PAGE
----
Although over three months remaining, Google has planned a New Year gift for the Internet users, who're concerned about their privacy and security.
Starting in January of 2017, the world's most popular web browser Chrome will begin labeling HTTP sites that transmit passwords or ask for credit card details as "Not Secure" — the first step in Google's plan to discourage the use of sites that don't use encryption.
The change will take effect with the release of Chrome 56 in January 2017 and affect certain unsecured web pages that feature entry fields for sensitive data, like passwords and payment card numbers, according to a post today on the Google Security Blog.
Unencrypted HTTP has been considered dangerous particularly for login pages and payment forms, as it could allow a man-in-the-middle attacker to intercept passwords, login session, cookies and credit card data as they travel across the network.
In the following release, Chrome will flag HTTP pages as "Not secure" with a neutral indicator in the address bar of incognito mode, where users may have higher expectations of privacy.
Then, in the future, Chrome will flag all HTTP sites as "Not secure" with the same red triangle indicator the browser currently uses to indicate a broken HTTPS website.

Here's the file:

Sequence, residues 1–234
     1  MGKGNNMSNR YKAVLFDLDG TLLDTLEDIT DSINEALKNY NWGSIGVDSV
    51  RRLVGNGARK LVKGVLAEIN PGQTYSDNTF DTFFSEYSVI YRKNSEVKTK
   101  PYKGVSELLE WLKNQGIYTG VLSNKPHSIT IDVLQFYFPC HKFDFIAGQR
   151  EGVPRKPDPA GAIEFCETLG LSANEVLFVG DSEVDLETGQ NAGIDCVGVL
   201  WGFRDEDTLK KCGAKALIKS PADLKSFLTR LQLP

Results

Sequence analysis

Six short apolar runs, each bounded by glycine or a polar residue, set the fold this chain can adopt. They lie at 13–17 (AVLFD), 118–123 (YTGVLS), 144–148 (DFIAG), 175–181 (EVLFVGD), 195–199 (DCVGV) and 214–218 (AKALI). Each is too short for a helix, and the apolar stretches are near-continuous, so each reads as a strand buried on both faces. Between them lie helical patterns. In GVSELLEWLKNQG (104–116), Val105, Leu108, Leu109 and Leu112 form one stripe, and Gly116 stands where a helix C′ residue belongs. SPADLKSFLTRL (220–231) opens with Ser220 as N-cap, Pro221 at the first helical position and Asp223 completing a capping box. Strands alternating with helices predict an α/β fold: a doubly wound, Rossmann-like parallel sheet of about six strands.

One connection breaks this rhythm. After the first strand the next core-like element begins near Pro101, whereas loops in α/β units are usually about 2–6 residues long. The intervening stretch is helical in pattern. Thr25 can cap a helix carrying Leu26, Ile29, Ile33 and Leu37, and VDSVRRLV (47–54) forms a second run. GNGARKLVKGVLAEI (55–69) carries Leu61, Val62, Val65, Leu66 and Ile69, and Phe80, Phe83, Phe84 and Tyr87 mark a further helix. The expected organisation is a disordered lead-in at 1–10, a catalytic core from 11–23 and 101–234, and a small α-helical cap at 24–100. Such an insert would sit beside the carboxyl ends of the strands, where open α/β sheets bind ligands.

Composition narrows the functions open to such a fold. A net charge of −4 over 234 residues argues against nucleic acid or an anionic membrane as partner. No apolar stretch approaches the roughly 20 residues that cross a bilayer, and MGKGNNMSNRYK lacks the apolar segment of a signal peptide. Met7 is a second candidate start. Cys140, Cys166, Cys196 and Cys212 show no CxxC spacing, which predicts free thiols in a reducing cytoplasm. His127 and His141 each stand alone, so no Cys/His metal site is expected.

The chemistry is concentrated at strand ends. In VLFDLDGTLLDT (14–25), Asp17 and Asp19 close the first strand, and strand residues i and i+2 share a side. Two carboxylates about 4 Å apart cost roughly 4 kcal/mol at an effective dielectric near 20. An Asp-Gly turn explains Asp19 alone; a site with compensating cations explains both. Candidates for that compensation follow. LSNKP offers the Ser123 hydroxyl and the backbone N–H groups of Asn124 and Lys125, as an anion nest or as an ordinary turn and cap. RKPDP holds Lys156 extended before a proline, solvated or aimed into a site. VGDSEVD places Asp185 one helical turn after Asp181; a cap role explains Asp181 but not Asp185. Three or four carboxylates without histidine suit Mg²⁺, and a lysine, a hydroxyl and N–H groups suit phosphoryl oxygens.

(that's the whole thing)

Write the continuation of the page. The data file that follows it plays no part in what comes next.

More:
"Chrome currently indicates HTTP connections with a neutral indicator," Emily Schechter wrote in a blog post. "This doesn't reflect the true lack of security for HTTP connections. When you load a website over HTTP, someone else on the network can look at or modify the site before it gets to you."This isn't the first time when Google is taking steps to encourage site owners to switch to HTTPS. Two years back, Google also made some changes to its search engine algorithm in an effort to give a ranking boost to the websites that use encrypted HTTPS connections.
Last month, Google also implemented HTTP Strict Transport Security (HSTS) on its main domain (google.com) in an effort to prevent users from navigating to websites using the insecure HTTP.
Google reported that today, more than half of the websites visited by Chrome users are already encrypted.
Not only Google, but Mozilla has also been encouraging users to adopt HTTPS through its Let's Encrypt project that provides free SSL/TSL certificates for website owners to help them implement HTTPS for their services. (Here's How to Install Free SSL Cert).
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